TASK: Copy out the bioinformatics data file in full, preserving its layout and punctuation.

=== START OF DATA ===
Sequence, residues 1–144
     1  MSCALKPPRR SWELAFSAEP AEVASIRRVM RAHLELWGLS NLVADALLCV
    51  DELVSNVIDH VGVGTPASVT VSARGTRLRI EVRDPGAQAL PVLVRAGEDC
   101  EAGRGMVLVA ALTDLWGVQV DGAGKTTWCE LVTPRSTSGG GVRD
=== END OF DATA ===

Sequence, residues 1–144
     1  MSCALKPPRR SWELAFSAEP AEVASIRRVM RAHLELWGLS NLVADALLCV
    51  DELVSNVIDH VGVGTPASVT VSARGTRLRI EVRDPGAQAL PVLVRAGEDC
   101  EAGRGMVLVA ALTDLWGVQV DGAGKTTWCE LVTPRSTSGG GVRD